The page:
As the Crow Flies by Jeffrey Archer

As the Crow Flies by Jeffrey Archer
publisher: HarperPaperbacks 1991

Now this was one delightful book to read. The story follows the fictional life of Charlie Trumper. From his early childhood (1900) until his retirement (1970). The story begins with him as a child at his grandfather’s barrow in the Whitechapel district of London. These were flat carts, waist high, on wheels with some shelves that would hold produce: potatoes, celery, apples, oranges, etc. They would take up some space along a sidewalk and the owners of the barrow would start their sales pitch. There the story starts and winds its way through seven decades.

The book is broken up into 13 different sections. Each section is narrated from the point of view of one of the characters in the book. Some characters, like Charlie, have more than one section. The sections, time lines, overlap so that what appears as a mystery in one section gets its answer in another section. Far from it being repetitive, the stories of each character are entertaining and augment each other.

At nearly 800 pages in the paperback the story flies. Charlie’s life in the great war, the start of his store to become a small empire, the second world war and onward keeps the material fresh. Of course what would a story be without a protagonist? We have the Trentham’s. From the son to his mother you will shake your head. There are a lot of surprises along the way.

Linda recommends this book. She thoroughly enjoyed it. I will admit that I also enjoyed the book as well and recommend it. I have found that many copies are available on Ebay. I am certain that it is still in print.

10 Responses to “As the Crow Flies by Jeffrey Archer”

  1. Sheepdog says:

    That sounds like a really neat format and an illustration of how no one person and no single person’s experience will give us all of the answers.

    That book sounds interesting. Would it be in the library or is it new?

  2. patti says:

    Ooohhh, that DOES sound interesting. I like a book that involves history and different points of view.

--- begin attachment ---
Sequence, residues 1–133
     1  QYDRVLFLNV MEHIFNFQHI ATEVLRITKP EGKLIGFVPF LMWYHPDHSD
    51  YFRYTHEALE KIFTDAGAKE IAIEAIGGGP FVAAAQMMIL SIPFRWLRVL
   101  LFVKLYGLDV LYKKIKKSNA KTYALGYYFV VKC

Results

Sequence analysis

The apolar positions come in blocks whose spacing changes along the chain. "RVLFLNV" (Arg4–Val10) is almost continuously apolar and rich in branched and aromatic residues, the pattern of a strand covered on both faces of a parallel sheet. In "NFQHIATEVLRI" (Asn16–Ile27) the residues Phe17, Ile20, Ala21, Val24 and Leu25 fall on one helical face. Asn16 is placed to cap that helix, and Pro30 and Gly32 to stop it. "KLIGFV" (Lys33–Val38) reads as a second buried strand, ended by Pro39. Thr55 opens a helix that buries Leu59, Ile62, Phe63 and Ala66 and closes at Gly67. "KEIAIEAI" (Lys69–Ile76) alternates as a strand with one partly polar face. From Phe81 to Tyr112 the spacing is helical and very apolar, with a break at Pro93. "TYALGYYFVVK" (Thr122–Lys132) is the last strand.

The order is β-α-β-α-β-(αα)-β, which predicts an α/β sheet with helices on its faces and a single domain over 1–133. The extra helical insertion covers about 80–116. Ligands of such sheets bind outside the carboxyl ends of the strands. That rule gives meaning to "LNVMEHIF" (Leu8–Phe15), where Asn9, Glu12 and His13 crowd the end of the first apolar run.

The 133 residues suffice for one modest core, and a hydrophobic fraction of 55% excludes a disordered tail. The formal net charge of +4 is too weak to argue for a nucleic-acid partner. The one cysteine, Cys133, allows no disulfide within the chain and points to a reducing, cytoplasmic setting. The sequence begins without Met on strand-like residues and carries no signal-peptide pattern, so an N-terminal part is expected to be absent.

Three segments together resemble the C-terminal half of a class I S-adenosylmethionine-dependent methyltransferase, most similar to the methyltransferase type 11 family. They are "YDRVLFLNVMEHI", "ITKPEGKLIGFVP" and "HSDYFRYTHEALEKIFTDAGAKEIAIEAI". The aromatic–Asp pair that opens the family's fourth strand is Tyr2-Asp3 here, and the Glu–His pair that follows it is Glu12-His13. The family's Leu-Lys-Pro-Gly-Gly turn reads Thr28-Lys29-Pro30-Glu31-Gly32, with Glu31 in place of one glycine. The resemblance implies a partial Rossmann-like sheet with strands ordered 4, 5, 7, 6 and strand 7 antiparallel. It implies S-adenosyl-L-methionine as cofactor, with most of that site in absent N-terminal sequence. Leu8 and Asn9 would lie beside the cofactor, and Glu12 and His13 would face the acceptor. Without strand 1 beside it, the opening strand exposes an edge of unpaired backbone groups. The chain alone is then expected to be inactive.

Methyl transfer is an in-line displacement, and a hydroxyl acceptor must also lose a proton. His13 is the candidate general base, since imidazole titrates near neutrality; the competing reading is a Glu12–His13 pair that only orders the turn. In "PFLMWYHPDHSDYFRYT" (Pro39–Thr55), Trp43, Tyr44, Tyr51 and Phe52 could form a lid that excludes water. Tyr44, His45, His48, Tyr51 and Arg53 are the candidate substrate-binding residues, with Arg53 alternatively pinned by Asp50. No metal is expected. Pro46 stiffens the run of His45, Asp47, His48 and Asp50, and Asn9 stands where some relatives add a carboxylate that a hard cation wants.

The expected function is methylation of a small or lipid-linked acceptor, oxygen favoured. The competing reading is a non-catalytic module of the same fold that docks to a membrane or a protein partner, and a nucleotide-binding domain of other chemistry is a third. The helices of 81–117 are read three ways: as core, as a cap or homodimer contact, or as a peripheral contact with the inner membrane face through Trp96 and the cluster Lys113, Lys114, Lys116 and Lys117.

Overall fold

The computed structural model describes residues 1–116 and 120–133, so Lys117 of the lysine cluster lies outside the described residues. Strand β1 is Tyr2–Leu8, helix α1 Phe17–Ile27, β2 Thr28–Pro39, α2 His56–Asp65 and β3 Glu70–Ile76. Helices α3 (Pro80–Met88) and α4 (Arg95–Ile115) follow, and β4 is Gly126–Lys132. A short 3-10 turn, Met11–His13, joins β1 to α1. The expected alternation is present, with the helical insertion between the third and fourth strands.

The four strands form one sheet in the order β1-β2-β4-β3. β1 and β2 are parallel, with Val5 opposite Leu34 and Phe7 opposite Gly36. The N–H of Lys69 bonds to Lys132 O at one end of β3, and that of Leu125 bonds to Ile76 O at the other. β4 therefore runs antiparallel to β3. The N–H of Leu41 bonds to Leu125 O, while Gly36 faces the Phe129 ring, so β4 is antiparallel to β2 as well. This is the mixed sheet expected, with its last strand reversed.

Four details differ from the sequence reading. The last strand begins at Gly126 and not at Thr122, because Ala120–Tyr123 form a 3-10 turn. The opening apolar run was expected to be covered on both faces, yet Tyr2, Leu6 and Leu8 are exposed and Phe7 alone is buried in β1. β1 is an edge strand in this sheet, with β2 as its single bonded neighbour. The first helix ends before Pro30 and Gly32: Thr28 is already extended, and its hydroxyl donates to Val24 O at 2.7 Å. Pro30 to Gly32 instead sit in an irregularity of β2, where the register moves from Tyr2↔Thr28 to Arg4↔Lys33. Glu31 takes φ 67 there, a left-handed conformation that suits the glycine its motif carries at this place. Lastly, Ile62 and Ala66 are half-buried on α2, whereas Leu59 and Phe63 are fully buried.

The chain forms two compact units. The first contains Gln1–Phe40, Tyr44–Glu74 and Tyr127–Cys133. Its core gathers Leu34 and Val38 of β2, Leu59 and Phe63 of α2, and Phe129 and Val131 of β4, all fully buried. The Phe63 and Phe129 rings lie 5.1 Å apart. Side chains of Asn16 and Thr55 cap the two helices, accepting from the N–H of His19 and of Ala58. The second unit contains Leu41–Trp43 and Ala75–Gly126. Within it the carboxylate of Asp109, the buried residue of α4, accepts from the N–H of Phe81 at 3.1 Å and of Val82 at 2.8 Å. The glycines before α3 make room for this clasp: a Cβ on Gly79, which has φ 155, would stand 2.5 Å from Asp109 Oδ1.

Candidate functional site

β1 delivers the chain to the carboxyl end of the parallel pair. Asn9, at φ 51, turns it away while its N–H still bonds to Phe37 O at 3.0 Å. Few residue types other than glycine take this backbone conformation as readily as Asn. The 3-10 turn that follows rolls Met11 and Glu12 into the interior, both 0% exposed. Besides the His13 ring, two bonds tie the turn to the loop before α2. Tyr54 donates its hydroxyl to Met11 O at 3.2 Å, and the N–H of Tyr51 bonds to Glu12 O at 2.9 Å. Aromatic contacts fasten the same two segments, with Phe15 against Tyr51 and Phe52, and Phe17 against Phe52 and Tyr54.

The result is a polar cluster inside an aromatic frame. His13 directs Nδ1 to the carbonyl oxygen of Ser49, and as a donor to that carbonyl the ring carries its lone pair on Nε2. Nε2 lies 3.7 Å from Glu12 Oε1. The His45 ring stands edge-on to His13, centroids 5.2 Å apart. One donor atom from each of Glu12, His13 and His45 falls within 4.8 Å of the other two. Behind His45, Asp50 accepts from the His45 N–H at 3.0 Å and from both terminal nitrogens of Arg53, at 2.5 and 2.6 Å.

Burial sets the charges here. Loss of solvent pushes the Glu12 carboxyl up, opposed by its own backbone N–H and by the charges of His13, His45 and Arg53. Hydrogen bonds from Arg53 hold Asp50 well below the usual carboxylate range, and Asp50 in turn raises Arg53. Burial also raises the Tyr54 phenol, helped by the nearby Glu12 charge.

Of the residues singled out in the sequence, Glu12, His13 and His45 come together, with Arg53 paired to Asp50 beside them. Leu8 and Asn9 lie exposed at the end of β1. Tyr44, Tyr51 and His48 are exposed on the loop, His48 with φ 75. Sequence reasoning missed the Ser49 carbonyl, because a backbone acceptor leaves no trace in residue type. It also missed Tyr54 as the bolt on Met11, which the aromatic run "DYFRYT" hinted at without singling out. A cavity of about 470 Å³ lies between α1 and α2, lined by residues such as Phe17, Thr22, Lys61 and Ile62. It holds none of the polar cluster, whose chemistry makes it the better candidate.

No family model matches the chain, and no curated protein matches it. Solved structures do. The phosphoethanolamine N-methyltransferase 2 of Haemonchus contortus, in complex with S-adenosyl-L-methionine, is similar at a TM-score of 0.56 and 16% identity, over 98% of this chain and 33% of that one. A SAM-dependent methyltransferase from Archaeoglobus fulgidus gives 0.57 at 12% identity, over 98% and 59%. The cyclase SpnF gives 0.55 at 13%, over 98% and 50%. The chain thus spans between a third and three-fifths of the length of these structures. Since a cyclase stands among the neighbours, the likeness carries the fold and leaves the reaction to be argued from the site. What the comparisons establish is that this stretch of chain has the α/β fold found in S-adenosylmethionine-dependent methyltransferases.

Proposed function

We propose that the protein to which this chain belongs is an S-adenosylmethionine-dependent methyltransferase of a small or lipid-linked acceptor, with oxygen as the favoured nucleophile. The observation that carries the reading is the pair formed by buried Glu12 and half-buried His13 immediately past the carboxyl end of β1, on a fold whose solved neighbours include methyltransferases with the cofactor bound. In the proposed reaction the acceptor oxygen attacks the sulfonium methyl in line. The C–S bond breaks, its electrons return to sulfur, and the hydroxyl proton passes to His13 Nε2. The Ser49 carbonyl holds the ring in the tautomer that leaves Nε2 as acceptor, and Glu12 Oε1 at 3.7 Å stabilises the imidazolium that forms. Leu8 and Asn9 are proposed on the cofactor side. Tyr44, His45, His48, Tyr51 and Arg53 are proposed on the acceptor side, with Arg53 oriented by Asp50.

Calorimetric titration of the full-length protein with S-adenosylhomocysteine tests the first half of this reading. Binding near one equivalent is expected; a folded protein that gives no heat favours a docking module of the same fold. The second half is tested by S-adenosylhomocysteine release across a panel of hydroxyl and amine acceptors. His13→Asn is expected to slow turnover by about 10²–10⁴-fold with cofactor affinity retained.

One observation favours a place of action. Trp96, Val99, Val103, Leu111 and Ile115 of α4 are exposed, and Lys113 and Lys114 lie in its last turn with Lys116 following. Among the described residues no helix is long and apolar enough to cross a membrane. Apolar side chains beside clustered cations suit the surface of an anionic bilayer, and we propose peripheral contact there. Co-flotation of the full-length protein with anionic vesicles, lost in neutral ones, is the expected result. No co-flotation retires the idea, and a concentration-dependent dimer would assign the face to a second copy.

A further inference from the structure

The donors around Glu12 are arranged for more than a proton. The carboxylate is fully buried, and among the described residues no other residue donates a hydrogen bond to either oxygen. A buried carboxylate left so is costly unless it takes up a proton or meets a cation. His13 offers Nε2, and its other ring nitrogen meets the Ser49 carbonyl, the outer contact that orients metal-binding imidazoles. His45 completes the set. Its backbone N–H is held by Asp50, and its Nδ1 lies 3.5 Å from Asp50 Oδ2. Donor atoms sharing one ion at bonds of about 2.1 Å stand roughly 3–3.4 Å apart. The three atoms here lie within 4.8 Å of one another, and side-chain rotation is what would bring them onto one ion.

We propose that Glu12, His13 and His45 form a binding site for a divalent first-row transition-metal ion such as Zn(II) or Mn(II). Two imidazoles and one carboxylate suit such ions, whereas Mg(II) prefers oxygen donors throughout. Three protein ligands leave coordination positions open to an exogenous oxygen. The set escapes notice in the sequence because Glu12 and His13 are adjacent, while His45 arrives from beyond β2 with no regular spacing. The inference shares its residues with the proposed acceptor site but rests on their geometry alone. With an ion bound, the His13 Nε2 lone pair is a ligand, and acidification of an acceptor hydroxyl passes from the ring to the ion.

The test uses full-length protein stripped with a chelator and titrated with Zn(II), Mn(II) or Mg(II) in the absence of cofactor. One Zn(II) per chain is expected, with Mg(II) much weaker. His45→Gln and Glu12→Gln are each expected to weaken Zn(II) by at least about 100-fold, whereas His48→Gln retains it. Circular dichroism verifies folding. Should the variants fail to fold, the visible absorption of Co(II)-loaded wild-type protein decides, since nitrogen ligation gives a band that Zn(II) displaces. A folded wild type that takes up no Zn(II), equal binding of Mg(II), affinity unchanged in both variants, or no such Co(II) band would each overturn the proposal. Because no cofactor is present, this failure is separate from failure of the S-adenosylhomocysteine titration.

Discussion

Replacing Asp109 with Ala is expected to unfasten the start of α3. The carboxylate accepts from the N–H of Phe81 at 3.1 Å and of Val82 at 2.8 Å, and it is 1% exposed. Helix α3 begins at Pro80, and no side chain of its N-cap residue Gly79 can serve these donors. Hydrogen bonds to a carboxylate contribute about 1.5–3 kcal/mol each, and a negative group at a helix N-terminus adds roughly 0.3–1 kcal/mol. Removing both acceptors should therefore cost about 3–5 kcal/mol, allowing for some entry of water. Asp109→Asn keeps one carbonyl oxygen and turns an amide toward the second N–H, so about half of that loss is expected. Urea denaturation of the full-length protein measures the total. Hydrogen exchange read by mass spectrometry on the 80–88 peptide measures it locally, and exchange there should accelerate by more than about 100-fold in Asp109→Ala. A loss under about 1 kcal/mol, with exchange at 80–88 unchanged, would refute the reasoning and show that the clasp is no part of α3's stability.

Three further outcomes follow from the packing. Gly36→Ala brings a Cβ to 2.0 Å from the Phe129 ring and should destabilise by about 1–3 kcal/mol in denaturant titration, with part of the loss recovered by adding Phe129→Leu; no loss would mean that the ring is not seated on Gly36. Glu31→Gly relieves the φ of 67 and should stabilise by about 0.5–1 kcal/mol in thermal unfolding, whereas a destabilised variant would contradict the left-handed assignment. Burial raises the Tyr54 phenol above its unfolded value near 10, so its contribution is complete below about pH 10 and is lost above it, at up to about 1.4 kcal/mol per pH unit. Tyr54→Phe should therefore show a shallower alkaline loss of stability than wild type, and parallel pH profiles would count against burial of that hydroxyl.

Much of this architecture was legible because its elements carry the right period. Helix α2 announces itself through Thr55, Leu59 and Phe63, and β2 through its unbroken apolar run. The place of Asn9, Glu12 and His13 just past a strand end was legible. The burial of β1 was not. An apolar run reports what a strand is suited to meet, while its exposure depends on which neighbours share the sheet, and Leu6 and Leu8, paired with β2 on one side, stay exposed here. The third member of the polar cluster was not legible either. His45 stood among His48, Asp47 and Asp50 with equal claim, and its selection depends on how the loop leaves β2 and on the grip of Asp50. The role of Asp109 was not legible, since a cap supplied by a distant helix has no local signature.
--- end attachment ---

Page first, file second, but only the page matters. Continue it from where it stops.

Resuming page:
Sheepdog, let me know if you track it down in the library!

  3. Joe says:

    If you both would like to read the book I can lend it out to you… one at a time of course. Patti, I know we have a small bookcase at church where people can leave behind a book. Is the bookcase only for Christian books?

    Sheepdog, since the book was written in 1991 the question would be is it still at a local library?

  4. Sheepdog says:

    The library does have it. There’s one available at Central library, Ancaster and Mount Hope.

    I want to read it but should probably finish the ones I’m still reading – I’ve currently got 5 on the go and planning to skim through a 6th.

  5. Dougie_G says:

    The story is fictional, but are the places and times and events historcally accurate or are they fictional too? Sounds like an interesting book. 800 pages ? wow. That would be a holiday project for me. Sounds like it could be made into a good movie too.

  6. patti says:

    Joe, I would love to borrow it, but the pile of books waiting to be read on my shelf say otherwise….

    Thanks though!

  7. Joe says:

    hmmm… Who would read a book report? Why people who read books of course. Not surprising then that your queue of books are long. I know I have a couple of boxes to get through yet I am always picking up one here and one there. Might not be so bad if I could read above 250 words a minute. Better still if I can could read for more than thirty minutes. As a reader I am glacial.

  8. Joe says:

    Doug, I am not certain that the events are historically accurate beyond the fact that there were two wars, London was bombed, there was a depression and certainly labour strikes after ww2. The story weaves in and out of these events.

  9. Sheepdog says:


    I just wanted to come on here and publicly say that I appreciate you. I learn a lot from you and I respect you.

    Thank you for being who you are.

  10. Joe says:

    Head bowed, cowboy hat in hands hanging down, the toe of one cowboy boot scraping the ground back and forth… Aw shucks ma’m, I’m just doin what I can.